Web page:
The bird was seen for the first time on December 3rd, by Alex Alamán, Roque Belenguer, Germán López and Jana Marco, at the southern part of El Hondo Nature Park (Alicante). First, the bird (that by its size reminded us of a Booted eagle Aquila pennata), was spotted on a branch by Alex, who very quickly alerted us that it seemed to be a kind of Spotted Eagle Aquila sp. Then, the bird started flying in circles above us. The plumage features, its structure, its size and the way it was flying, made us think about LSE. But surprisingly, 20 days later, on December 24th, we saw it again in the exact same place. This sighting of the same bird again made doubts appear… Was it the same bird that we saw before? How was it possible that a LSE was staying here in winter? Could it be a hybrid? Considering that unlike the GSE, the LSE are long-distance migrants, the presence of a pure LSE during the winter period here, could be the most north wintering area ever described for this species, which by late December should be in the south of the Sahara. For that reason, the idea of a hybrid eagle between GSE x LSE was suggested. We saw the bird again on January 3rd and 4th (Jacobo Ramos, Irene Arnaldos, Pablo Santonja, Antonio Saez, Jana Marco et al). By that time, Juanma Pérez-García and I had already contacted Urmas Sellis from the University of Live Sciences in Tartu, Estonia. He has a wide experience studying these species, both GSE and LSE and even their hybrids! He is also part of the research group that marked the famous GSE Tõnn, which has spent every winter at El Hondo Nature Park since 2008.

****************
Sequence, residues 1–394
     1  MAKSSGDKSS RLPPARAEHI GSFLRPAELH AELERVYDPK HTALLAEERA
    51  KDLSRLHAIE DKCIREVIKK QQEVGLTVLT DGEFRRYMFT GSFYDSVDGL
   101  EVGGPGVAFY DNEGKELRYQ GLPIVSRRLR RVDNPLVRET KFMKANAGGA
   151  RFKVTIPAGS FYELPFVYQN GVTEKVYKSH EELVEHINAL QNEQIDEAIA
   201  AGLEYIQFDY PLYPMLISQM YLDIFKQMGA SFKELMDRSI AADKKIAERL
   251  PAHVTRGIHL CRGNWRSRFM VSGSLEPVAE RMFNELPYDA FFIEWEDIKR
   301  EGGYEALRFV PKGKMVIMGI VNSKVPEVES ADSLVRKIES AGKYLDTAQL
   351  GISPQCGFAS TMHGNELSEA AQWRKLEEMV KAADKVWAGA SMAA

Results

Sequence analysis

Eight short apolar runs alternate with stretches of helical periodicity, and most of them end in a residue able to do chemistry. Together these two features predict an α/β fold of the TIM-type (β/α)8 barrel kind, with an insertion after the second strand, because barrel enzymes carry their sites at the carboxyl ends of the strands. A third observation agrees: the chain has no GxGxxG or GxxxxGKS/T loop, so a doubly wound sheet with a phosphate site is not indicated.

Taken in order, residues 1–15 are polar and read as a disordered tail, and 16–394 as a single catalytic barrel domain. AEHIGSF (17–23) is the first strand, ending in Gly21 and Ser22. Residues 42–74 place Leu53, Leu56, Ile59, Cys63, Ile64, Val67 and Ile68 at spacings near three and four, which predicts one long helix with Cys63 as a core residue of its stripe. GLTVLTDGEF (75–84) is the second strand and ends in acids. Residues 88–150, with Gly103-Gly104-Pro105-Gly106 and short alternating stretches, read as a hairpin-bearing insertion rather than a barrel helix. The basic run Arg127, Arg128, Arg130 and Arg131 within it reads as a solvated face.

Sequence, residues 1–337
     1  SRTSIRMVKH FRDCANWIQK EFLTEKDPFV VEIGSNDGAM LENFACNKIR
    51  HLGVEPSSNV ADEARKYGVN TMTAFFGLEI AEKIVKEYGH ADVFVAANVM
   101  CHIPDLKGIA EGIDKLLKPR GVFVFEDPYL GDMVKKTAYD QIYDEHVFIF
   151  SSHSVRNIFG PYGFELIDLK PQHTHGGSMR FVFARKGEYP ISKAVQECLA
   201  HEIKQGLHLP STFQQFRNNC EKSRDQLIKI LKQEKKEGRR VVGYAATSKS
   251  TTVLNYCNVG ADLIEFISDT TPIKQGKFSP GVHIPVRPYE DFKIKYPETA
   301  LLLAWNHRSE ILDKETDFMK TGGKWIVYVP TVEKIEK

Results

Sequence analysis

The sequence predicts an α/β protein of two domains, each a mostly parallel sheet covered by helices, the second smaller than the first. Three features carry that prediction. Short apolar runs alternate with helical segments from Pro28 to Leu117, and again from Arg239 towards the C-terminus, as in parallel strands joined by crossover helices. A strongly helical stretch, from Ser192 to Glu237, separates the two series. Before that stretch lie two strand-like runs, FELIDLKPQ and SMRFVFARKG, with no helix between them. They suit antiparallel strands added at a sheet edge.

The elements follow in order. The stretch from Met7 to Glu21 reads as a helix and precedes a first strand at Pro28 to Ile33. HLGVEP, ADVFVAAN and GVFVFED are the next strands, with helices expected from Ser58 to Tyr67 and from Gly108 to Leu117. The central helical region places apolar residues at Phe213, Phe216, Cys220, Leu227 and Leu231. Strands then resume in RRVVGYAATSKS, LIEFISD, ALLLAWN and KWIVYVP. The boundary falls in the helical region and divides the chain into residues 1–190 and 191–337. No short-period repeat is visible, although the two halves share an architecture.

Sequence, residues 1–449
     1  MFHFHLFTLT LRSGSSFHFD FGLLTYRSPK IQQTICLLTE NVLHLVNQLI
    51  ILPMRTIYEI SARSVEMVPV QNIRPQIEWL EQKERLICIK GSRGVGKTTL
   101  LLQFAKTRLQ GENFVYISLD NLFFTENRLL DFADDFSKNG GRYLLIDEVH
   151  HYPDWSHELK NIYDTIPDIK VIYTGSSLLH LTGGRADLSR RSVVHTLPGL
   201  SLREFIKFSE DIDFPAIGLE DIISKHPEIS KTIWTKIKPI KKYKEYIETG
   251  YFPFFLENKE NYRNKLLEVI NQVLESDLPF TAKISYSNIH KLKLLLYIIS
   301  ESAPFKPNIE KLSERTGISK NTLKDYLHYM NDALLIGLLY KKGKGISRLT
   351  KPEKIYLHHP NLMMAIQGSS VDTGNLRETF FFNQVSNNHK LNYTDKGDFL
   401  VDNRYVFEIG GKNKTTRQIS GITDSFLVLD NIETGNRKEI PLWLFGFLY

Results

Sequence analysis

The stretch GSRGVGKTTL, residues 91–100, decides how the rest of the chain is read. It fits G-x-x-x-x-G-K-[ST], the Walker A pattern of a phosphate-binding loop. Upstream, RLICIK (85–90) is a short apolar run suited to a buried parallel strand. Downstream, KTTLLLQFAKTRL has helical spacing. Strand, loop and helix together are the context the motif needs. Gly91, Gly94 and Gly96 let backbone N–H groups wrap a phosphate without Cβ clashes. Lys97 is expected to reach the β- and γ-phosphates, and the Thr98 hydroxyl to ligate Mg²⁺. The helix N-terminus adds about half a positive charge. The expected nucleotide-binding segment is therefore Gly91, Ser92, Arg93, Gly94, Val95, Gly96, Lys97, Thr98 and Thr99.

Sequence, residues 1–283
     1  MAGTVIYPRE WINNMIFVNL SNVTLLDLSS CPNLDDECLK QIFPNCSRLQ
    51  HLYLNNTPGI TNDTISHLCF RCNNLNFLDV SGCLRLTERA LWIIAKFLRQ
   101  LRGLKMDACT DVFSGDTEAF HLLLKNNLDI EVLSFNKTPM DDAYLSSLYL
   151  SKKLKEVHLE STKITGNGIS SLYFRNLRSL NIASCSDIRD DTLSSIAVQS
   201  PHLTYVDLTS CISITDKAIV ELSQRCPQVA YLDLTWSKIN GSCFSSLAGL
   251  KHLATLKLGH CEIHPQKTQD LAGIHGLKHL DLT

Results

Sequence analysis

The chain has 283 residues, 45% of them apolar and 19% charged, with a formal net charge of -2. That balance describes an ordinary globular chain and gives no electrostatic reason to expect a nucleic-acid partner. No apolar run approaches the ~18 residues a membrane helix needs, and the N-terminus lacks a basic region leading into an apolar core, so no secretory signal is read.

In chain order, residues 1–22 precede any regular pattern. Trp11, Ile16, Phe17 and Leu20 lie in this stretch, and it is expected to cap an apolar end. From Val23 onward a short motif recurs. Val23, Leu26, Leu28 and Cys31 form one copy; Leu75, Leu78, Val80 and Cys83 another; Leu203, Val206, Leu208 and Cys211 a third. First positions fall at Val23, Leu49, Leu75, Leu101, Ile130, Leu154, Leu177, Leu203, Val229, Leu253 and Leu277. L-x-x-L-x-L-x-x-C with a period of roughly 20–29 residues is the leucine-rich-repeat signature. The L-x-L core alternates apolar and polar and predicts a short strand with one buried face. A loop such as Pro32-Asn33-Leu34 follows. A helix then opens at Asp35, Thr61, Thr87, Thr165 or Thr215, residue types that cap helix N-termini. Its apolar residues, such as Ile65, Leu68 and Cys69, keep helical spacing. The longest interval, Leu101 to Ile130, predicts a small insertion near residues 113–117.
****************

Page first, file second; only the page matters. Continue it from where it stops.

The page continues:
The seven known observations of the bird until late January 2017 at el Hondo are:

  1. 3.XII.2016: Álex Alaman, Roque Belenguer, Germán López, Jana Marco et al
  2. 24.XII.2016: Roque Belenguer, Jana Marco et al
  3. 26.XII.2016: Rolf Karlsson
  4. 3.I.2017 Jacobo Ramos, Irene Arnaldos & Jana Marco
  5. 4.I.2017: Pablo Santonja, Germán López, Ivan Requena, Jana Marco et al